Move! for Mac helps you get healthy at your desk.
Move! is a Mac application which will change the way you work and live. Improve your overall health and fitness by breaking with the bad habit of prolonged sitting.
Only standing up from your desk regularly will make you feel good after intense work. Move! will make you do that.
You are not taking the breaks from your desk that you should take.
Sitting kills. Only standing up regularly will keep you healthy.
You need a relentless solution for managing your work breaks. Why? You are taking your health to jeopardy if you don’t take your breaks seriously!
There are good reasons to take regular breaks.
Research about highly sedentary people shows:
If you don’t take regular breaks …
- … you will have a higher risk for heart disease than a smoker, an overweight person or someone with high blood pressure.1
- … you will have a higher risk for diabetes.2
- … you will have a higher risk for metabolic syndrome, which means being fat and sick.3
Do you know the worst part?
All studies backing these claims have in common that this is independent of your other activities.
You can’t out-train your bad behavior at your desk!
Move! gets out of your way. But when it is break time it gets in your face and rescues your health.
Rely on Self-Discipline No More. Automate Your Breaks. Rescue Your Health.
It can be hard comply with the habit of being healthy.
This is why you should use this app to automate it, so you can focus on what is important for you now: your work!
The nice part about that is that your executive functions will improve immediately if you use your breaks to get your daily movement in.4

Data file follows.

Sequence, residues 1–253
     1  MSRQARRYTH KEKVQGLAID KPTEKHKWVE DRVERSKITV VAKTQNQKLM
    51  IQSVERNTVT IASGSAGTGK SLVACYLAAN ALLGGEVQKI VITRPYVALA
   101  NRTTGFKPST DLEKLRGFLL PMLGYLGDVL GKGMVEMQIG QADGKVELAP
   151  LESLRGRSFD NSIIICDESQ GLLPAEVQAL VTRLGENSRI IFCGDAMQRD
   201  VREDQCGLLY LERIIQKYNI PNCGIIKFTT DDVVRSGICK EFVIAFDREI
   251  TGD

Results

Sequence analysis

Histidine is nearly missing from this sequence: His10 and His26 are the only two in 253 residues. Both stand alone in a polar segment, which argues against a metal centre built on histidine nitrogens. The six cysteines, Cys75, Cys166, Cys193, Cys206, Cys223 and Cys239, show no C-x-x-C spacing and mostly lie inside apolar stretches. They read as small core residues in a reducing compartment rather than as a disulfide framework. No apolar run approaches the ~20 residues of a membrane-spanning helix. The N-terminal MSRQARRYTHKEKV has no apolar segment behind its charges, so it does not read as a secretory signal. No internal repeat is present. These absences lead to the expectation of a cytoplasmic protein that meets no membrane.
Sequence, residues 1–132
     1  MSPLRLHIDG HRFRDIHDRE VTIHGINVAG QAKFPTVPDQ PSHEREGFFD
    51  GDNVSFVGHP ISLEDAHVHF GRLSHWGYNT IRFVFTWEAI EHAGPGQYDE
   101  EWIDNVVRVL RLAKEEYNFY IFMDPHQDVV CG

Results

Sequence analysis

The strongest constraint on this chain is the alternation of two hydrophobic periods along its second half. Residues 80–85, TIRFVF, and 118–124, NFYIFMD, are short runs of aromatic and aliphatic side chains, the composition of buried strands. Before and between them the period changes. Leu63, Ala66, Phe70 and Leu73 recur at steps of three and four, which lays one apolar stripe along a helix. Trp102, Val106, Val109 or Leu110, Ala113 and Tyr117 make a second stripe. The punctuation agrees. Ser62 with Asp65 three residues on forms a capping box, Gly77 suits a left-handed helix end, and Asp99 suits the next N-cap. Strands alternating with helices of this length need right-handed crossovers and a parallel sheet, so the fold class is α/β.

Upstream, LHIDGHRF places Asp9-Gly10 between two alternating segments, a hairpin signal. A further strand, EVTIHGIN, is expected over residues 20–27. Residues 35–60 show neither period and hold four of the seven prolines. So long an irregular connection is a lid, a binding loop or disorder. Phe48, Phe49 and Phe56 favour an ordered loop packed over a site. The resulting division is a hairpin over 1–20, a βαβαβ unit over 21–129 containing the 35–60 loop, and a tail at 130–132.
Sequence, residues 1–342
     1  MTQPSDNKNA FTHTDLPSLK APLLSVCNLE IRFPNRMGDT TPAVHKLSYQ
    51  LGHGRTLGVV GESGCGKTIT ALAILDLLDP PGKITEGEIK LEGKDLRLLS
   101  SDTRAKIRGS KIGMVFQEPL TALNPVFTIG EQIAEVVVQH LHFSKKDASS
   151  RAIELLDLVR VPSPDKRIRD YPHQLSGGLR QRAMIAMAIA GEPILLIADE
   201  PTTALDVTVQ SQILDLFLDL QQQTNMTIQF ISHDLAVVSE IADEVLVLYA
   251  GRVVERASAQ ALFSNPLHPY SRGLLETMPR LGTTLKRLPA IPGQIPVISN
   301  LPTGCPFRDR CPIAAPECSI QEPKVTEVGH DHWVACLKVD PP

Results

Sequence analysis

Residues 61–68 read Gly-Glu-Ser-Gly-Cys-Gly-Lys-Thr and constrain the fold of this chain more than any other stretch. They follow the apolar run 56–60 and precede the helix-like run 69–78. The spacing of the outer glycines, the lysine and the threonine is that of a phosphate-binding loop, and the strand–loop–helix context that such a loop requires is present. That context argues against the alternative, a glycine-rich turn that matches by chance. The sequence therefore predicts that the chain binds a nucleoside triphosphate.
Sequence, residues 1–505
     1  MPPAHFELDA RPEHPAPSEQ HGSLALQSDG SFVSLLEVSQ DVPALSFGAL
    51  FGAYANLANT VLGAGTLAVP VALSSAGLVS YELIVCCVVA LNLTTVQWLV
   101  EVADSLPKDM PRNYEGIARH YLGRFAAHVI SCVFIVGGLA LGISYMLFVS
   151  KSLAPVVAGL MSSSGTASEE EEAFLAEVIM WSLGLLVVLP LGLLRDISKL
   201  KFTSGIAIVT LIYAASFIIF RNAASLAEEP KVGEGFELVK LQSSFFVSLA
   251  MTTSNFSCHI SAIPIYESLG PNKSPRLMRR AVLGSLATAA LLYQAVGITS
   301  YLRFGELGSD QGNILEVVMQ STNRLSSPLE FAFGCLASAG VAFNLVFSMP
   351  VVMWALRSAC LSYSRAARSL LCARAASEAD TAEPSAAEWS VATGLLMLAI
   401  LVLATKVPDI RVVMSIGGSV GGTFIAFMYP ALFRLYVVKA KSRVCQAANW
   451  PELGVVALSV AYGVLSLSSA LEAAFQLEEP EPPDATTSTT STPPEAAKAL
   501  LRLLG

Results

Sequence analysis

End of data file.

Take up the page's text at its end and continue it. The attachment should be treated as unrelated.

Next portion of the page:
It is a double-win for you!
Move! is super easy to use because it contains the essentials without bloated crap that usually comes along with apps.
What does the Paid Version Offer?
Download the demo and experience for yourself!
- Responsive Breaks: Only when you start working will the clock tick.
- No Cheating: Only when really stop working will the break start.
George, E. S., Rosenkranz, R. R., & Kolt, G. S. (2013). Chronic disease and sitting time in middle-aged Australian males: findings from the 45 and Up Study. Int J Behav Nutr Phys Act, 10, 20. ↩
Mark, A. E. & Janssen, I. (2008). Relationship between screen time and metabolic syndrome in adolescents. J Public Health (Oxf), 30(2), 153-60. ↩
Wijndaele, K., Duvigneaud, N., Matton, L., Duquet, W., Delecluse, C., Thomis, M., Beunen, G., Lefevre, J., & Philippaerts, R. M. (2009). Sedentary behaviour, physical activity and a continuous metabolic syndrome risk score in adults. Eur J Clin Nutr, 63(3), 421-9. ↩
Verburgh, L., Königs, M., Scherder, E. J. A., & Oosterlaan, J. (2013). Physical exercise and executive functions in preadolescent children, adolescents and young adults: a meta-analysis. Br J Sports Med. ↩